If you are invited to a Korean-American wedding in Chicagoland I’m available to serve as a cultural guide of sorts. I figure I’m some sort of expert on Korean-American weddings since Peter and I had one almost 18 years ago, back before you could rent a hanbok (traditional Korean clothing – ours were custom-made and sent to us from Korea by my aunt and uncle) and all the fixings for full on pae-baek ceremony (a Korean wedding ceremony, which we did after the “American” ceremony) or find a make-up artist who specialized in Asian American bridal makeup (btw, Grace, you are beautiful – your amazing make-up artist, who I would hire if I were getting married, had the perfect canvass to work her magic on) or find wedding planners, venues and catering companies that will work with brides who want to cut a wedding cake, take amazing and creative photos and serve up a mean buffet of white rice, braised short ribs, kimchee and wine. Yummy.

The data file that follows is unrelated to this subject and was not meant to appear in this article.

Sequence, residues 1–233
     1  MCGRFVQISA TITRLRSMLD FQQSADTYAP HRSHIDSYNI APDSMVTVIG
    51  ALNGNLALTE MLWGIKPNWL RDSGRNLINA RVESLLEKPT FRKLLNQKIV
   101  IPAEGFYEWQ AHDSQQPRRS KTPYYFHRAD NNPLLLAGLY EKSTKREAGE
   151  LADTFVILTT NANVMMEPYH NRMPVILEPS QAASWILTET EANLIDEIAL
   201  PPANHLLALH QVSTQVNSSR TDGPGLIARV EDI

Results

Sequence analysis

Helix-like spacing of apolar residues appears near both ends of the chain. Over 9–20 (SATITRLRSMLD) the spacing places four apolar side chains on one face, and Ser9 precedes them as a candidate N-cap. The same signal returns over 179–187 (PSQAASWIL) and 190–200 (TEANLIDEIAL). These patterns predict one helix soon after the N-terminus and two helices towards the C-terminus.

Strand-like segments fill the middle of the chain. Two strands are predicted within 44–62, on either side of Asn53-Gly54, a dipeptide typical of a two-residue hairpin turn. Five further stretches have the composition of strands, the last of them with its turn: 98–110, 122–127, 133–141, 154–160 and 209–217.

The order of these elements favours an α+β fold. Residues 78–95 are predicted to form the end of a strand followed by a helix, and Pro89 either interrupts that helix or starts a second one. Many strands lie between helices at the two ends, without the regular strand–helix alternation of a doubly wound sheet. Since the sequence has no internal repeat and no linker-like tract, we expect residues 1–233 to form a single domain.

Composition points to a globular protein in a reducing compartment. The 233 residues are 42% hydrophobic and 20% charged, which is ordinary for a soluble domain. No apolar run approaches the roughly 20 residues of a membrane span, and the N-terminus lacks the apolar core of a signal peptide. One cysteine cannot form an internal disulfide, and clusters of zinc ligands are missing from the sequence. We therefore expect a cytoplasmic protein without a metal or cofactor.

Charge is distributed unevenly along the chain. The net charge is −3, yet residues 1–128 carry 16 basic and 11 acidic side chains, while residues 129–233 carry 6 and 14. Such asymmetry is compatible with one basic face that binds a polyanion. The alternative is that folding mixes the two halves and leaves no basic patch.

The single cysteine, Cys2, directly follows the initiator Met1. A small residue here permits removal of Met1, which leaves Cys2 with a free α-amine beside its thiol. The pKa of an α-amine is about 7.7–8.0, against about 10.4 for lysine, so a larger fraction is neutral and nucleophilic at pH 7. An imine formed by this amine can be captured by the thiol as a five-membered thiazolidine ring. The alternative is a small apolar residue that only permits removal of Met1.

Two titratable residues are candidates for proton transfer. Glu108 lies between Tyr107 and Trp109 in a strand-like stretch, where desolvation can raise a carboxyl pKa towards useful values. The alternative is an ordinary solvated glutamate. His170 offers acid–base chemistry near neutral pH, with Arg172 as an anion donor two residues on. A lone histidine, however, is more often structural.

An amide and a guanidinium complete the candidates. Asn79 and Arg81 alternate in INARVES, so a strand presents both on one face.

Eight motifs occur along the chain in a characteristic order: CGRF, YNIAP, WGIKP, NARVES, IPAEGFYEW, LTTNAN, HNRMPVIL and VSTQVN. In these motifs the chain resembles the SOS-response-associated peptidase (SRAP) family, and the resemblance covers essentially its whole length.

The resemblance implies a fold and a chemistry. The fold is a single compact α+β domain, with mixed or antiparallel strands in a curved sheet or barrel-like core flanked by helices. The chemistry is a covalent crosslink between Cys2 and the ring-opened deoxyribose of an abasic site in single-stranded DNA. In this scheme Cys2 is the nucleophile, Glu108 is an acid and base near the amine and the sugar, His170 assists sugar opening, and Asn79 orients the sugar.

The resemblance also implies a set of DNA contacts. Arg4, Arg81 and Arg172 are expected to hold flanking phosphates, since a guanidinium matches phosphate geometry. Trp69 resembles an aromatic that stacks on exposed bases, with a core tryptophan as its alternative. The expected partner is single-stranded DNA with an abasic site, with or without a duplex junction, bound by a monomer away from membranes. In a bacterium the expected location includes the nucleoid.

This past weekend Peter and I had the honor and joy of attending the wedding of two Northwestern University Asian American InterVarsity alumni, Grace and Nate, and thoroughly enjoyed the company of many other IV alumni and friends as we discussed different wedding traditions – cultural and generational.